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UK Funds to Stay Ahead of Variants

The UK plans to spend an additional £29.3 million (US$40.7 million) on its effort to stay ahead of any SARS-CoV-2 viral variants, the Guardian reports.

This new funding comes on top of £19.7 million already promised to the UK's Porton Down facility, it adds. Currently, scientists at Porton Down are analyzing about 700 blood samples a week to gauge the effectiveness of SARS-CoV-2 vaccines against viral variants and plan to boost their testing capacity to 1,500 samples a week by January, the Guardian says. This infusion of new funding would enable them to double that capacity to 3,000.

In a statement, Matt Hancock, the health secretary, the new funding would "enable us to further future-proof the country from the threat of new variants."

The Financial Times notes that there are four variants of concern circulating in the UK and that existing vaccines provide some protection against them. Still, Sharon Peacock, the head of the COVID-19 Genomics UK consortium, tells it that "[looking] ahead, we need to study new variants very closely, particularly when the majority of the population have been vaccinated, and identify variants that could pose a greater threat to current vaccines."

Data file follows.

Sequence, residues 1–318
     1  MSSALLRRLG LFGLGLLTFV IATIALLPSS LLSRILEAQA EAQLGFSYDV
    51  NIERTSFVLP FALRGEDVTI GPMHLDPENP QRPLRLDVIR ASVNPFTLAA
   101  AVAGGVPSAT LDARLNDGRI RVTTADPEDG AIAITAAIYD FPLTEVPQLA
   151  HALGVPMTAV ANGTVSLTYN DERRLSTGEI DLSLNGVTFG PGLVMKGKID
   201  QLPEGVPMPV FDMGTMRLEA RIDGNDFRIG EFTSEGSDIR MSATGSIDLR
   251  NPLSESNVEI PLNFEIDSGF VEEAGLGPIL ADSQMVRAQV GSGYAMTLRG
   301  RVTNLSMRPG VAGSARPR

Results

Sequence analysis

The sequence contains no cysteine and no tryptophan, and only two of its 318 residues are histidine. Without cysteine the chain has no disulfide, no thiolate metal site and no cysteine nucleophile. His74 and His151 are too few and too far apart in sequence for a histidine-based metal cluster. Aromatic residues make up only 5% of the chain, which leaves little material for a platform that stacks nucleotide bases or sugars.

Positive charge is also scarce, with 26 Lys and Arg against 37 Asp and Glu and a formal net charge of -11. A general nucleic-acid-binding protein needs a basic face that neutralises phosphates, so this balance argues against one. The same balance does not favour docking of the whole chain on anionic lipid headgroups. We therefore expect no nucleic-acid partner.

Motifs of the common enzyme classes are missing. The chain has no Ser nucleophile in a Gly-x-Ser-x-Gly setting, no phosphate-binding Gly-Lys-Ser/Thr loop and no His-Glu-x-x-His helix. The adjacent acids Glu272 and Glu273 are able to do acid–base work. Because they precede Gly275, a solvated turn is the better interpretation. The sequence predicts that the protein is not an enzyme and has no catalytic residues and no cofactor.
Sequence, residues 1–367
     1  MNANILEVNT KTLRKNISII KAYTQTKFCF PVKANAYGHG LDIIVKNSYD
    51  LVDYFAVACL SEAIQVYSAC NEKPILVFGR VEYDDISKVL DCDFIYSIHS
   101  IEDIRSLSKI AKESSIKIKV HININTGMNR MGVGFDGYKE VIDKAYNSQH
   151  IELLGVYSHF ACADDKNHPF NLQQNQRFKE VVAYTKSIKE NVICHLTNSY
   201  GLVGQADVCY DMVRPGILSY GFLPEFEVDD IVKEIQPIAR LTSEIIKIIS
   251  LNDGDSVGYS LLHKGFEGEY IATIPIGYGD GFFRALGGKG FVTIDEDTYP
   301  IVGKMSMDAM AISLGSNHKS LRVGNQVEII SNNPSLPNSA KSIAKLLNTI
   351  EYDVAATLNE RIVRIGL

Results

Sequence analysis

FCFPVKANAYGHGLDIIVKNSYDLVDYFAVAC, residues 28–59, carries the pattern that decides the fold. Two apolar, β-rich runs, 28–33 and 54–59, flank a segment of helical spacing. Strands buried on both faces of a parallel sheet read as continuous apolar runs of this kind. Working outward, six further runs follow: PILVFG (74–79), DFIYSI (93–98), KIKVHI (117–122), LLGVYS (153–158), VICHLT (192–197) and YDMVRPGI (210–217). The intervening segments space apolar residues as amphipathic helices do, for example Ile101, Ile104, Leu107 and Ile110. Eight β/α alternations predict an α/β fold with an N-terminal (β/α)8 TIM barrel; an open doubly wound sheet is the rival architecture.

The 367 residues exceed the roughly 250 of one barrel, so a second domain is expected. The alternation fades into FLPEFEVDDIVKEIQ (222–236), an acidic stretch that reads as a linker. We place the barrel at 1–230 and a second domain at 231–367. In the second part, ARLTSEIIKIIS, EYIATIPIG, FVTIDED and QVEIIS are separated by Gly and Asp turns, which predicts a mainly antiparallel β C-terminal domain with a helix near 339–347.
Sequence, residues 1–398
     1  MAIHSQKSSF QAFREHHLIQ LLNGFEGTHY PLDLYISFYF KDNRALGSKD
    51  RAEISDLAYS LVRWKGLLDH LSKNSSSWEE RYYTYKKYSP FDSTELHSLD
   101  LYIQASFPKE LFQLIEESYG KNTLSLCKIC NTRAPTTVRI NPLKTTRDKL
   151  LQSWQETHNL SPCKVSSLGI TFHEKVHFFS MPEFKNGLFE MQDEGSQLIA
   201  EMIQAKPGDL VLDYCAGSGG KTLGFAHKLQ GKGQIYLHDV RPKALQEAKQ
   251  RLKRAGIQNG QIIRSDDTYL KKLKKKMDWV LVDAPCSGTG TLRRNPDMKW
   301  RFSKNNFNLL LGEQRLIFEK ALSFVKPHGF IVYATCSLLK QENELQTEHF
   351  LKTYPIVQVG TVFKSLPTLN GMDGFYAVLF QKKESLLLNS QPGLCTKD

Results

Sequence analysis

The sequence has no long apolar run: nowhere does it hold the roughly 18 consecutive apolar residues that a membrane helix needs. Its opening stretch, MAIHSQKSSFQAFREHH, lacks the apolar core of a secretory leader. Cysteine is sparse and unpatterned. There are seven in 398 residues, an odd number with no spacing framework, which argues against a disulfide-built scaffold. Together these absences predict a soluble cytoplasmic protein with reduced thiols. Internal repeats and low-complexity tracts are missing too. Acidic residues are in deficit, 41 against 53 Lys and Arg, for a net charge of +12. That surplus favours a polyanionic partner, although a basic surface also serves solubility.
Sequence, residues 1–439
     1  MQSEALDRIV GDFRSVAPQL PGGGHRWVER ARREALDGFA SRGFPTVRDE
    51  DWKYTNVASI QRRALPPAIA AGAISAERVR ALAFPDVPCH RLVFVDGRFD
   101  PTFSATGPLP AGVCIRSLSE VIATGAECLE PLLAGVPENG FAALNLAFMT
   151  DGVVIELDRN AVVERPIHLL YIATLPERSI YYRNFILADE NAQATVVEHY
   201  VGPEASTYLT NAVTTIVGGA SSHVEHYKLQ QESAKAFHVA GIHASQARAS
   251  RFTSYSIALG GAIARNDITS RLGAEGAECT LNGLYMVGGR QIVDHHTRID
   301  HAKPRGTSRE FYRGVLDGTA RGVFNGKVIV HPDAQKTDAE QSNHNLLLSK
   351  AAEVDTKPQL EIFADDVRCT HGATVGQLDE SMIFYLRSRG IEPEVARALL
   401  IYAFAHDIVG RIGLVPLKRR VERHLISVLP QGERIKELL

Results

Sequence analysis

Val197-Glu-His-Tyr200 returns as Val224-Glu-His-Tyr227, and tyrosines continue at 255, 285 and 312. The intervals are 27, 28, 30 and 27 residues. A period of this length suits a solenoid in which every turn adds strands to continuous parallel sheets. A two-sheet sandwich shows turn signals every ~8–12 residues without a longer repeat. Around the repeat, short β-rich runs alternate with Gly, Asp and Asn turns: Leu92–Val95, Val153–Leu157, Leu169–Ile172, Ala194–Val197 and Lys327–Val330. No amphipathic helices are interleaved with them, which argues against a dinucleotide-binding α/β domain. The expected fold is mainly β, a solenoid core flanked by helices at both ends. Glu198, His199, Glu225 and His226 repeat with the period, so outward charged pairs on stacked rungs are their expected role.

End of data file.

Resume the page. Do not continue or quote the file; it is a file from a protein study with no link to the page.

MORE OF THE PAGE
The Scan

Another Resignation

According to the Wall Street Journal, a third advisory panel member has resigned following the US Food and Drug Administration's approval of an Alzheimer's disease drug.

Novavax Finds Its Vaccine Effective

Reuters reports Novavax's SARS-CoV-2 vaccine is more than 90 percent effective in preventing COVID-19.

Can't Be Used

The US Food and Drug Administration says millions of vaccine doses made at an embattled manufacturing facility cannot be used, the New York Times reports.

PLOS Papers on Frozen Shoulder GWAS, Epstein-Barr Effects on Immune Cell Epigenetics, More

In PLOS this week: genome-wide association study of frozen shoulder, epigenetic patterns of Epstein-Barr-infected B lymphocyte cells, and more.